Trellick Tower. Andy Aderinto
For Each Our Roads of Winter
In a secret test of mass surveillance technology, the Los Angeles County Sheriff’s Department sent a civilian aircraft* over Compton, California, capturing high-resolution video of everything that happened inside that 10-square-mile municipality. Compton residents weren’t told about the spying, which happened in 2012. “We literally watched all of Compton during the times that we were flying, so we could zoom in anywhere within the city of Compton and follow cars and see people,” Ross McNutt of Persistence Surveillance Systems told the Center for Investigative Reporting, which unearthed and did the first reporting on this important story. The technology he’s trying to sell to police departments all over America can stay aloft for up to six hours. Like Google Earth, it enables police to zoom in on certain areas. And like TiVo, it permits them to rewind, so that they can look back and see what happened anywhere they weren’t watching in real time. If it’s adopted, Americans can be policed like Iraqis and Afghanis under occupation–and at bargain prices.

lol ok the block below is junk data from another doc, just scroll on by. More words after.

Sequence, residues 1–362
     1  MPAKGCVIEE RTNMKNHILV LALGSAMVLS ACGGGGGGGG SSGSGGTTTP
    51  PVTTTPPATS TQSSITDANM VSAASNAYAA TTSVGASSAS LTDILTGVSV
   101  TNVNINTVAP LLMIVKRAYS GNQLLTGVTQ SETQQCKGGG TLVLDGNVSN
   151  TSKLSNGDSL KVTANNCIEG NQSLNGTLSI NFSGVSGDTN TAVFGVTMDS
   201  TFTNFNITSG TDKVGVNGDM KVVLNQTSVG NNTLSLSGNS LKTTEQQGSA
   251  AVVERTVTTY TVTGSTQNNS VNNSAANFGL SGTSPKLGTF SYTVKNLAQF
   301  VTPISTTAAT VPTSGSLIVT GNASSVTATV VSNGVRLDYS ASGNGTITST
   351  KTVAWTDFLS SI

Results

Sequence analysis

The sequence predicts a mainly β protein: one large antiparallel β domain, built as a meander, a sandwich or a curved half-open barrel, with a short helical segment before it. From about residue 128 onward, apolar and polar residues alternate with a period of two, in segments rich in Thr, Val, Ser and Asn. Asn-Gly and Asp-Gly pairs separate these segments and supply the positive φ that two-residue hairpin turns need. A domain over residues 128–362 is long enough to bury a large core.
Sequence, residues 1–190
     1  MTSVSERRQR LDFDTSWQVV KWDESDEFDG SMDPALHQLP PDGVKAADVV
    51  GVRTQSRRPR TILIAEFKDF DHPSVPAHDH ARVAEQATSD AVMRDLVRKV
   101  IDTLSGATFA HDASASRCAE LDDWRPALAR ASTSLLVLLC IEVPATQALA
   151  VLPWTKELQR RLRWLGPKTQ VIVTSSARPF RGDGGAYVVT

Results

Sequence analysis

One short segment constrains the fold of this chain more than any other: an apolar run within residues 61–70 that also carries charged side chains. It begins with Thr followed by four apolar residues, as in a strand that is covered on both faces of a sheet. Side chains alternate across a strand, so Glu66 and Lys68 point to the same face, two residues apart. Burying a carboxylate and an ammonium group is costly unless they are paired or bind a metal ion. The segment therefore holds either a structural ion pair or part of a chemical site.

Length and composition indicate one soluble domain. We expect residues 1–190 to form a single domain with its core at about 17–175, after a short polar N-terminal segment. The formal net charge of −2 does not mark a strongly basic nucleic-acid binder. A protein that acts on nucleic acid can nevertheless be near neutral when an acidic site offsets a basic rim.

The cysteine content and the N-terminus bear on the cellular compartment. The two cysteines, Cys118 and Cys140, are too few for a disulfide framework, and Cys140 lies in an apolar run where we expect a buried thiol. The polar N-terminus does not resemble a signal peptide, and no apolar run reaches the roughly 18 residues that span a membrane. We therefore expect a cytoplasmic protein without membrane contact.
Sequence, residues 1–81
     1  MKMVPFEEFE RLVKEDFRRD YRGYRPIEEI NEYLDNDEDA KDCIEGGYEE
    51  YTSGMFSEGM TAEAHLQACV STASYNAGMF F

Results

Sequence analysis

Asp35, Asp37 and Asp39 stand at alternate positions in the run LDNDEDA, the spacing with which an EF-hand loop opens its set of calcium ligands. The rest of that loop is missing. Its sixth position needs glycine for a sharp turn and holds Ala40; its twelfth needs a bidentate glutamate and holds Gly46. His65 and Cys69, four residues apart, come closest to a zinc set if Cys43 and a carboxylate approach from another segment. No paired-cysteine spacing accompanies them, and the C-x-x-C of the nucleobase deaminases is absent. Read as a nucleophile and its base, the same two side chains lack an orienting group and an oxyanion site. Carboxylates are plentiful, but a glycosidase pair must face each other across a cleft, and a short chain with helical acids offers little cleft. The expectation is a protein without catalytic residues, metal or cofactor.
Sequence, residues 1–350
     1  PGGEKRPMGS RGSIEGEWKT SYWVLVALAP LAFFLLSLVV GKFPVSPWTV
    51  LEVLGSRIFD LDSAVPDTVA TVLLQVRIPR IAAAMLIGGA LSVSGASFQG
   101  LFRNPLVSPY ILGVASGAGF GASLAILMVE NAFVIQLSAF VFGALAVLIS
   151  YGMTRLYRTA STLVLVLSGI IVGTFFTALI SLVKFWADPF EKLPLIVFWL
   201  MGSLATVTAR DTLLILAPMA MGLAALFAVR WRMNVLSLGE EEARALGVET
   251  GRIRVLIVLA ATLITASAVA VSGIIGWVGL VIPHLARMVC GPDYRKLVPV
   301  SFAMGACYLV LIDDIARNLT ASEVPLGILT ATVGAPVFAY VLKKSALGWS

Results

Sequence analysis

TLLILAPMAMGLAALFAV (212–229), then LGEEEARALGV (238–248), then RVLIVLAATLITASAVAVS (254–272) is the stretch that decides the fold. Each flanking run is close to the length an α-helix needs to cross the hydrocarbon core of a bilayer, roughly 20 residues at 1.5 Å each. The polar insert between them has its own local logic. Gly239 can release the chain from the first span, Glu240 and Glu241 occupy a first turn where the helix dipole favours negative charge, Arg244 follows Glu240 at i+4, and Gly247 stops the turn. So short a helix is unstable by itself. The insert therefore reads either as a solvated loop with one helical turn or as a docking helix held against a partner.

A Japanese warplane Second World War lies wrecked in shallow water off Guam in a photograph which won Tony Cherbas second in the Topside category. (via)